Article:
I think the animations from Lange & Söhne are quite inspirational since they contain a lot of complex moving parts and stunning texturing. Right from the get go, I knew I wanted to create a presentation type animation in the same style as L&S’s i.e. a short animation with all the focus aimed directly towards the mechanical elements of the timepiece. In essence, I wanted a neutral setting where the only thing, which matters was the clock on display. The purpose of my final animation is meant for web-based presentations – quite thinkable for educational purposes or perhaps just for a general presentation of the model.
For a novice like myself, trying to create something as comprehensive as the above renditions would obviously have been mission impossible. Of course, I did not realize this until after I started researching for timepiece blueprints. Such timepieces are actually insanely complex pieces of engineering. Therefore I chose to aim a bit lower and go for a very simple clockwork type of model. However, given the complexity and interplay of cogwheels I would still need a reference in order make the final animation turn like a real clockwork. So, I have used a screenshot of a 2D animation from a functioning online clock. Figure 2 shows the screenshot reference, which I imported as an imageplane into Maya.
This clockwork is of course quite simple, but most importantly is the fact that the proportions and number of cogs on each cogwheel is true to reality. This means the final animation look realistic, since the individual cogwheels will rotate at the correct speed ratio. In the following, I will go through the workflow process of modeling, animating lighting and rendering involved in creating the animation film for this clock.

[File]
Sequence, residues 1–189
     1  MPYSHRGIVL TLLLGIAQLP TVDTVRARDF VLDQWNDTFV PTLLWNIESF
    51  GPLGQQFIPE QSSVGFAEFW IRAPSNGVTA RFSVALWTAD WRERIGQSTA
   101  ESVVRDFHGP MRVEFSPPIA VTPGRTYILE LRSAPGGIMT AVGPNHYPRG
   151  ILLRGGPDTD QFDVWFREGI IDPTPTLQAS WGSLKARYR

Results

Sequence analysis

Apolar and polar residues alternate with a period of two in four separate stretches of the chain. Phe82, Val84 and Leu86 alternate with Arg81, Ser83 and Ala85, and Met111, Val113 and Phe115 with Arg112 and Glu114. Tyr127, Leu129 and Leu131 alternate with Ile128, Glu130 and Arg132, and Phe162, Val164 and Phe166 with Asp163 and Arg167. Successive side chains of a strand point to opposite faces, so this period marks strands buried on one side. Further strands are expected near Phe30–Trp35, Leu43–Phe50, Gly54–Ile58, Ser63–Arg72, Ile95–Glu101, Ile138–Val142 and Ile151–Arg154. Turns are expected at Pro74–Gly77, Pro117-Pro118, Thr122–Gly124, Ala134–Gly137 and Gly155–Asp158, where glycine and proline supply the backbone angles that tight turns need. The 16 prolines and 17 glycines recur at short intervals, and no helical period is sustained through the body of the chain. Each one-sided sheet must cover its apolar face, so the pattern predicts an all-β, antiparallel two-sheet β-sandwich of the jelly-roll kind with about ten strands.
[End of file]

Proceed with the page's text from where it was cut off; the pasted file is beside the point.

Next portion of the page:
The first decision to make before the modeling process begins, is deciding what kind of geometry type to use. This requires knowledge about how the model will be used later, since the typology affects the behavior of the model down the line (Alias, 2007). There are four basic types of geometry: NURBS, Subdivisions, curves and polygons. Since polygons are by far the most forgiving geometry to work with, these are the ones I am using.
Non-organic shapes such as the mechanical parts of a clockwork are good to build with polygons since it is easy to manipulate the edges, vertices and faces, which together makes up the polygon mesh. During the modeling phase I used the box modeling technique, which means manipulating primitive shapes by extruding, scaling or rotating faces and edges as well as welding pieces together, and bridging gaps and holes with polygon faces. The basic shapes I used during the modeling of the cogwheels were the polygon pipes and cylinders. Figure 3 shows an example of the process involved when extruding faces in order to create the center part of a cogwheel.